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JCOM Abstract


J Clin Outcomes Manage 
2007 Mar;14(3):161-171
Helping sedentary patients become more active: a practicial guide for the primary care physician
Richardson CR, Schwenk TL

Program Audience Primary care physicians. Educational Needs Addressed A sedentary lifestyle is an important risk factor for type 2 diabetes, coronary artery disease, obesity, osteoarthritis, major depression, and some cancers. For most diseases associated with inactivity, getting 30 minutes a day of moderate-intensity physical activity can decrease risk. The primary care and general medical office continues to be a critical place where exercise promotion can occur. Clinicians can help patients assess their current level of physical activity and understand the link between a sedentary lifestyle and chronic illness. Clinicians can also address barriers to physical activity, particularly health-related barriers that are common in patients with multiple chronic diseases. Motivational interviewing may be an effective technique to promote physical activity in a clinical setting. By providing concrete advice on how to start a physical activity program—including recommendations about activity type, duration, intensity, and frequency in a written exercise prescription—clinicians can increase their patients’ chances of success. Educational Objectives After participating in this CME activity, primary care physicians should be able to 1. Assess a patient’s level of physical activity 2. Cite patient barriers to exercise 3. Describe patient counseling interventions that may support behavioral change 4. Implement a pedometer-based walking program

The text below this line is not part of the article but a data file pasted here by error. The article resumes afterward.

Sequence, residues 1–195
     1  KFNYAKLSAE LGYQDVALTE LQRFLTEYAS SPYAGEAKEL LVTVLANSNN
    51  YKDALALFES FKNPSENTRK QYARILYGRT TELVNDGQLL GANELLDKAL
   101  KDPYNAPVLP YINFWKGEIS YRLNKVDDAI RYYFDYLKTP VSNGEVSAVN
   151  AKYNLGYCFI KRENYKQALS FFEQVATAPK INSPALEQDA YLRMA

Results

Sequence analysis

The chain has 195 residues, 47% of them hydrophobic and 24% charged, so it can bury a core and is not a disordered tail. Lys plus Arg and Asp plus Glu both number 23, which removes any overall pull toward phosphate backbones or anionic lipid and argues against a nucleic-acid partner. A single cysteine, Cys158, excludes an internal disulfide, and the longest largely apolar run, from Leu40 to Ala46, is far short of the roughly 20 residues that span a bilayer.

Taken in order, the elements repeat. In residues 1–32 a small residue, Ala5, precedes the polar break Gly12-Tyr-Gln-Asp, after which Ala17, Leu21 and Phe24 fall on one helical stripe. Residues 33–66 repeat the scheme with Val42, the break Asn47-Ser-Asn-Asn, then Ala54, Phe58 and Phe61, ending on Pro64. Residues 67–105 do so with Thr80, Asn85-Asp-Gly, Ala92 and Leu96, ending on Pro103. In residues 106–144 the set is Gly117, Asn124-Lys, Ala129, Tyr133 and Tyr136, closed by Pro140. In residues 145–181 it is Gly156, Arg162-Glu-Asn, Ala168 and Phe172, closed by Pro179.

Case-Based Review, CME

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